FLOYDADA, Texas (Reuters) - In Floydada, Texas, which calls itself “Pumpkin Capital, USA,” Halloween is the time for farmers who produce more than a million of the orange globes to kick back and savor the mostly empty fields.
“It is one of the biggest headache crops,” said Tim Assiter, owner of the Assiter Punkin Ranch & Pumpkin Ranch just outside of town. “You’ve got to love it to do it. It’s not something that you do just for the money.”
Pumpkins are heavier and can be harder to handle than almost any other crop in the Texas Panhandle flatlands, where cotton is king and corn is commonplace. Floydada is just another small town of a few thousand people trying to make a living working the land.
Although indigenous to the area, pumpkins are an oddity on the region’s farms because they are tough to insure, and despite Floydada’s nickname, other parts of the United States grow far more. Towns like Morton, Illinois, or Half Moon Bay, California, claim to be the “Pumpkin Capital of the World.”
Farmers have about four weeks to hand pick, sell and ship the pumpkins that are grown for decorative purposes. “We now raise pink pumpkins, blue pumpkins, green pumpkins, leathery-tan pumpkins, orange pumpkins, white pumpkins and red pumpkins,” Assiter said.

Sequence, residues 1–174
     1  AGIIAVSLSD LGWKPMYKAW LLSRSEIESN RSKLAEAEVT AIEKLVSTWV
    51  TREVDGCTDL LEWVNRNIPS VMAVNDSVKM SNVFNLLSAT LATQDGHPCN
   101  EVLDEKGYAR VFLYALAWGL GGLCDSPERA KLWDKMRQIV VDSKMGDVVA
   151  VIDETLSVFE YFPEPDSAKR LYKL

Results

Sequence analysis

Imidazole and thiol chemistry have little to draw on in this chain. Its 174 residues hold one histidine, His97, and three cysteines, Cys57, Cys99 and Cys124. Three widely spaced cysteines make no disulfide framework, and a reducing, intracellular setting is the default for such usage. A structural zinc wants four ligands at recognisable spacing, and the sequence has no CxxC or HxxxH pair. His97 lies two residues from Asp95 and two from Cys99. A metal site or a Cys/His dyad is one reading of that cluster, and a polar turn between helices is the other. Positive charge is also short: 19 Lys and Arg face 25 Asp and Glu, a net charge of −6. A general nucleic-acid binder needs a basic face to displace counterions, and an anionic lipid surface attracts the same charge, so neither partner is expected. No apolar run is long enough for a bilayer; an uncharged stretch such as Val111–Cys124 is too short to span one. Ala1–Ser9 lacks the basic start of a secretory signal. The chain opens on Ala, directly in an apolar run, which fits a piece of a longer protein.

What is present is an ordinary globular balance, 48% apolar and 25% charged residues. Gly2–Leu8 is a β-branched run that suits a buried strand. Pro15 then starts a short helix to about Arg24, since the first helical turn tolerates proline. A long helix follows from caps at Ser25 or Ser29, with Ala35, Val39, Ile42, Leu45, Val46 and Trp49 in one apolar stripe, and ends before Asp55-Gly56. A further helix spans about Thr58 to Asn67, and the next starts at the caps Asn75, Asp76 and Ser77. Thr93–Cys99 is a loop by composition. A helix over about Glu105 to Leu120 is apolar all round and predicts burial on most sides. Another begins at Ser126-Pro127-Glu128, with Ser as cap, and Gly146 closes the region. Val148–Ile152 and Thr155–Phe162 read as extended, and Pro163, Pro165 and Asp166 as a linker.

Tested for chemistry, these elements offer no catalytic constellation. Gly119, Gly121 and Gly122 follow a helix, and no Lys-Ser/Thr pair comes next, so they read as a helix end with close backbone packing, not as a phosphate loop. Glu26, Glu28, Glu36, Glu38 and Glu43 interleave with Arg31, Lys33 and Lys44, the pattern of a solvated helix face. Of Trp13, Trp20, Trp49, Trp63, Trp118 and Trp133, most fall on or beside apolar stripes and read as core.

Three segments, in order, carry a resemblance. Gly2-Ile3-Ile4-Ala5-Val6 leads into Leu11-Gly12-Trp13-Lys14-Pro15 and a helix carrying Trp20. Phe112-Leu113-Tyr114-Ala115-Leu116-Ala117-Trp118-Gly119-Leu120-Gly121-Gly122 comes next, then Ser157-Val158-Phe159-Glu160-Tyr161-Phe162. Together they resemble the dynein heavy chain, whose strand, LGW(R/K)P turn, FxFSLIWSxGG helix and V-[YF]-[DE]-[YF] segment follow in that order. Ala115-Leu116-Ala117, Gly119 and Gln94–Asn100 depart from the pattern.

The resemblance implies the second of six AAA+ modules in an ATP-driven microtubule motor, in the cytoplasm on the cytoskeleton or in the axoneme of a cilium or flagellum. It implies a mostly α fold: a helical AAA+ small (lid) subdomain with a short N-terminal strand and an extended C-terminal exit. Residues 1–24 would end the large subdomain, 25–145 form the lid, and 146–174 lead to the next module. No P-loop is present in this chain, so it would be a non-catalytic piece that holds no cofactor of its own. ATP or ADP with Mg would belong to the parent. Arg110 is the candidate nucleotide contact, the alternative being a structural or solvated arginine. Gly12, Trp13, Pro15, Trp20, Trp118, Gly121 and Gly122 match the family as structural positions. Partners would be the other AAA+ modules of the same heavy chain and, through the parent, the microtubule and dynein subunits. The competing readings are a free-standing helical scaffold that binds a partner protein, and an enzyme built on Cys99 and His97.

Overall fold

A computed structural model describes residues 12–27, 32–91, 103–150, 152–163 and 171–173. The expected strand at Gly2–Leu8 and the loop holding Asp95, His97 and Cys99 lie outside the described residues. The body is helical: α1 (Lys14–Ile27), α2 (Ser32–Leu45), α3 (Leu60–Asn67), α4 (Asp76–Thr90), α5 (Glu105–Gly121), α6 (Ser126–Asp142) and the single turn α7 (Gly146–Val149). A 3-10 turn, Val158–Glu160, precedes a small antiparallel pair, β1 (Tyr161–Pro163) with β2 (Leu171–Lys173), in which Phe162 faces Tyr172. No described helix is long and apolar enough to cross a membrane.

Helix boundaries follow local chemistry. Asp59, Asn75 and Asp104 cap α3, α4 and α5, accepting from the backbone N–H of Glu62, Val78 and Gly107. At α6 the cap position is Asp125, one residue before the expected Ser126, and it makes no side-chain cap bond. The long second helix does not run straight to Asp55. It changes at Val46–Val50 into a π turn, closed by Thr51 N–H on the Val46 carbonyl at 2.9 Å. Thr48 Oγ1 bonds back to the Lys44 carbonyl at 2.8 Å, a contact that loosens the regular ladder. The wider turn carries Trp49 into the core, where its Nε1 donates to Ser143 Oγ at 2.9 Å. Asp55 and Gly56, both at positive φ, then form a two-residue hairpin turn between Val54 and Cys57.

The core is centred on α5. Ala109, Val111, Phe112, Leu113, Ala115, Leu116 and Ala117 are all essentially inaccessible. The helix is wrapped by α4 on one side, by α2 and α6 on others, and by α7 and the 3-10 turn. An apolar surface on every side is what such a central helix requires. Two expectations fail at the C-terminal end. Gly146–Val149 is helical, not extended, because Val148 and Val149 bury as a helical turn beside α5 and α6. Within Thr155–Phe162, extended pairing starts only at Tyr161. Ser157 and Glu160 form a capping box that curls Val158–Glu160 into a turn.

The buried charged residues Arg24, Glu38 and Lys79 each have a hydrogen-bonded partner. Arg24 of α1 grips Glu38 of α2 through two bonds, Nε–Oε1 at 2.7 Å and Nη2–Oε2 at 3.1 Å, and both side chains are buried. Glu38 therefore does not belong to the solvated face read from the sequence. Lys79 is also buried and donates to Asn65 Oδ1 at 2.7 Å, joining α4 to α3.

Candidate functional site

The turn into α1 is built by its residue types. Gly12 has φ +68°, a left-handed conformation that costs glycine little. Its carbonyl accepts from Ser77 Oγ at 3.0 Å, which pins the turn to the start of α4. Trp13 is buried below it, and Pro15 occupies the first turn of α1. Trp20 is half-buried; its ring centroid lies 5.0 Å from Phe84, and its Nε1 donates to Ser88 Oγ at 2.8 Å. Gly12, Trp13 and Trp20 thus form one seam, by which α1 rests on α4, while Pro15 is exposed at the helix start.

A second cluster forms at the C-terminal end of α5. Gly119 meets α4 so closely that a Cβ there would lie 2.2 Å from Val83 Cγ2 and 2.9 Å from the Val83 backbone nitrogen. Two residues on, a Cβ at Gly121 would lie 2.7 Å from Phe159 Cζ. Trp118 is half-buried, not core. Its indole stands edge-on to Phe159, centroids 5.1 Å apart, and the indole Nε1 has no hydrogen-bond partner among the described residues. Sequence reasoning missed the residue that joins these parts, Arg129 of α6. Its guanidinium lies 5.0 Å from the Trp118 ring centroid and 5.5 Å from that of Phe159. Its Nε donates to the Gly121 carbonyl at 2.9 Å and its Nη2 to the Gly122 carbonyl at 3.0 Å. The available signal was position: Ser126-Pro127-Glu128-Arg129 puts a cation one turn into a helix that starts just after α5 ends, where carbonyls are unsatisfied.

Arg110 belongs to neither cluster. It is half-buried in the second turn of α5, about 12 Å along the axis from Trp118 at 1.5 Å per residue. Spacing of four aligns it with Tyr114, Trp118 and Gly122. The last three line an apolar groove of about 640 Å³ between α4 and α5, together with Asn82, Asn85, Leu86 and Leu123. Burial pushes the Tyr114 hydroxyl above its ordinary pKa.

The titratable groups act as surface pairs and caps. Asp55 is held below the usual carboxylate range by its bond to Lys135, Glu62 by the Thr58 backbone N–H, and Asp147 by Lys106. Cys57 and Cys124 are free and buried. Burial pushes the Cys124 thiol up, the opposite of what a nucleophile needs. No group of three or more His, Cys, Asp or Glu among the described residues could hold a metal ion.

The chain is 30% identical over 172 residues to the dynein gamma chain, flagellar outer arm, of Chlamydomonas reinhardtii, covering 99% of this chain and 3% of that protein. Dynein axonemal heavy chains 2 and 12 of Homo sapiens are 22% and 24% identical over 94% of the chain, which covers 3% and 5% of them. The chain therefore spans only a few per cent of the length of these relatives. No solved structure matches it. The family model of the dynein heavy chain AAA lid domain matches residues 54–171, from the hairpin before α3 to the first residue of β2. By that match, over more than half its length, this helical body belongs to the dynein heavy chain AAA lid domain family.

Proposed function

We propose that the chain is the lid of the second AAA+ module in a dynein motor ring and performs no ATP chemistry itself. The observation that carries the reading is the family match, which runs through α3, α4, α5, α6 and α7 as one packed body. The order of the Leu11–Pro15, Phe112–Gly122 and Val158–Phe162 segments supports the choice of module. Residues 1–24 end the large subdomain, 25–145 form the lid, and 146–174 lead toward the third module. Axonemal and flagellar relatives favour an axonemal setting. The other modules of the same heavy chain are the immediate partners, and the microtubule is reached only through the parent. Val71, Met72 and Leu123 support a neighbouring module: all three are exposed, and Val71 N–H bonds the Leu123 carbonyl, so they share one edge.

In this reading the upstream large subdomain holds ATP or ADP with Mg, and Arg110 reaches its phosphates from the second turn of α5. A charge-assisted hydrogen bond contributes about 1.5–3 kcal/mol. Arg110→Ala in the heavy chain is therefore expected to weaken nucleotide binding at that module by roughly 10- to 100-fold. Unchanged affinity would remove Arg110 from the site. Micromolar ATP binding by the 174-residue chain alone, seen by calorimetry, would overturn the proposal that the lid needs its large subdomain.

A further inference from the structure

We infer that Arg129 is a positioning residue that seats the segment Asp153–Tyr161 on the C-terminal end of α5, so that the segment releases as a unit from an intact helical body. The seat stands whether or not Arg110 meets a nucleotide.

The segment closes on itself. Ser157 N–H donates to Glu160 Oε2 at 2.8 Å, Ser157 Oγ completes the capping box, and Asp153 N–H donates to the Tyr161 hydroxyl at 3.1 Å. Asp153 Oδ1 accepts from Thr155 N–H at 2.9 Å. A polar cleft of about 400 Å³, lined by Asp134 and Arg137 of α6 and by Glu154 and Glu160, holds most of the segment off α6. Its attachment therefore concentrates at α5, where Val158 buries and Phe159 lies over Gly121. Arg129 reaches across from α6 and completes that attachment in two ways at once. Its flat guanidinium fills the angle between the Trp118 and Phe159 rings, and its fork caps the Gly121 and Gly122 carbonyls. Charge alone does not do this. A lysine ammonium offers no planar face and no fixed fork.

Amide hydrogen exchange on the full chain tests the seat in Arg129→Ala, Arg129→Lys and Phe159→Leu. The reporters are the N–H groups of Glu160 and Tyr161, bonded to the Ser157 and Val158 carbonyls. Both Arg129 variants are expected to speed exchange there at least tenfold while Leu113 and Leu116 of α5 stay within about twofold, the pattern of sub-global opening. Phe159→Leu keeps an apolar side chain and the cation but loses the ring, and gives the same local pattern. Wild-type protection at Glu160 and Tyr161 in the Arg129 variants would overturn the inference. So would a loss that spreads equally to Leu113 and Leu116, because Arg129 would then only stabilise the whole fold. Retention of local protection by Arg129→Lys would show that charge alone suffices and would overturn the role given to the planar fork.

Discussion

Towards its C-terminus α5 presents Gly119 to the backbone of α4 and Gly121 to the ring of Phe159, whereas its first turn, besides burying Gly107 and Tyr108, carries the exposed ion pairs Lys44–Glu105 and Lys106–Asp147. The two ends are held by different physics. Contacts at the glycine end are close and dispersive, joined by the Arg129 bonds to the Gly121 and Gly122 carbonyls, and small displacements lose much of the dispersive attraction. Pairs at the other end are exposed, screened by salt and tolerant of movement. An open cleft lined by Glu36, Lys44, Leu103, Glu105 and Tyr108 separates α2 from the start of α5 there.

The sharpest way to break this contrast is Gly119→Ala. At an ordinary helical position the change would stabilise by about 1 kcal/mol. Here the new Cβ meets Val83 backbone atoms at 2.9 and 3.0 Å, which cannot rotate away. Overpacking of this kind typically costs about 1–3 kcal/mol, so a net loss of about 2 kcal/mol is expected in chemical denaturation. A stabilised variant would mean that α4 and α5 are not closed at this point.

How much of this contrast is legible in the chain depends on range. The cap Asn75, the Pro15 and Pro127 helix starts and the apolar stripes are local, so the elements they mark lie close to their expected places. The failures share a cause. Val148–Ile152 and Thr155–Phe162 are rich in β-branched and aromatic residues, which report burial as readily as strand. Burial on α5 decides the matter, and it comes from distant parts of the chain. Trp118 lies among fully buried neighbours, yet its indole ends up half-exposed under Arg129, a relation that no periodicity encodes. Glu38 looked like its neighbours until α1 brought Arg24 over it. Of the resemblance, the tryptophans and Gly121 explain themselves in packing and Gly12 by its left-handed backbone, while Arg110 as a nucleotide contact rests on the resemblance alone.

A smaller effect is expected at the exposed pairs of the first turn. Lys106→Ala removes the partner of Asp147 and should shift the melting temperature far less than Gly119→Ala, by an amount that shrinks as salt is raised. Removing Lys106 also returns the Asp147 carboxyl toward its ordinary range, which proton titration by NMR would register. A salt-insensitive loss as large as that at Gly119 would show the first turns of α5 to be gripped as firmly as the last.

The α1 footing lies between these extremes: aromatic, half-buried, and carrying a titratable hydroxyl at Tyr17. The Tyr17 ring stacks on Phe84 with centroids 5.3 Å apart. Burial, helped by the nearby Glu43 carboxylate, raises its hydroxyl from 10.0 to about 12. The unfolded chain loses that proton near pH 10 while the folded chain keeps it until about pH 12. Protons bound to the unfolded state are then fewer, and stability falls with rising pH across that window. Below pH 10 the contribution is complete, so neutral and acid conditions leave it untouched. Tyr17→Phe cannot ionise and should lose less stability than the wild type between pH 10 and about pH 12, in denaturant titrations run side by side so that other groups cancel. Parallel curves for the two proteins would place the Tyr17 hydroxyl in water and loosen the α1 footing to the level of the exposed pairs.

One constant has been Halloween.
Production in the area began in the 1950s when local farmer B.A. “Uncle Slim” Robertson planted pumpkins after being nagged by his wife to do so. The family first sold pumpkins by the side of the road and soon were shipping to Dallas, Assister said.
About 30 single-family farmers produced pumpkins in the area back then. Four operators now dominate the business.
In Floydada, the pumpkin producers know each other well, and the crop unites its 3,000 residents.
Pumpkin yields and pumpkin production have steadily grown to about 1.3 billion pounds a year, according to the U.S. Department of Agriculture, with top production states including Illinois, California and Michigan.
Floydada’s harvest is just a drop in the bucket, but the orange squash gives the town much of its identity.
At Halloween, pumpkin ornaments are found at nearly every house, along every corner and lining roadways. Since the late 1980s the town has held a “Punkin Day” festival, spelled in honor of the local slang, in the wake of the crop being loaded onto trucks.
Kimberly Perez, manager of the Floydada Chamber of Commerce, said the town offers some of the widest varieties of specialty pumpkins.
“We’re at that spot where we need to decide where we want to take it from here, or do we just want to leave it alone?” said Floydada pumpkin grower Robert Rainwater.
Writing by Jon Herskovitz; Editing by Richard Chang